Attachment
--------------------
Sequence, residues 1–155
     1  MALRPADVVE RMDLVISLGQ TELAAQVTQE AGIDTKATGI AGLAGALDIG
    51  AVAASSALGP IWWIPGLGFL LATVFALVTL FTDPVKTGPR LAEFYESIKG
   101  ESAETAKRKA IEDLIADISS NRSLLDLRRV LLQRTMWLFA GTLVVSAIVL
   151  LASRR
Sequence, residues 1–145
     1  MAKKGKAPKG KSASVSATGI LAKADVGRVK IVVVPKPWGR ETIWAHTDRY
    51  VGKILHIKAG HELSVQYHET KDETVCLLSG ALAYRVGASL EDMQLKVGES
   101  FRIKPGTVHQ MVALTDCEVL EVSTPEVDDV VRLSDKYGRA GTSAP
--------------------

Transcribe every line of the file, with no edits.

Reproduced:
Sequence, residues 1–155
     1  MALRPADVVE RMDLVISLGQ TELAAQVTQE AGIDTKATGI AGLAGALDIG
    51  AVAASSALGP IWWIPGLGFL LATVFALVTL FTDPVKTGPR LAEFYESIKG
   101  ESAETAKRKA IEDLIADISS NRSLLDLRRV LLQRTMWLFA GTLVVSAIVL
   151  LASRR
Sequence, residues 1–145
     1  MAKKGKAPKG KSASVSATGI LAKADVGRVK IVVVPKPWGR ETIWAHTDRY
    51  VGKILHIKAG HELSVQYHET KDETVCLLSG ALAYRVGASL EDMQLKVGES
   101  FRIKPGTVHQ MVALTDCEVL EVSTPEVDDV VRLSDKYGRA GTSAP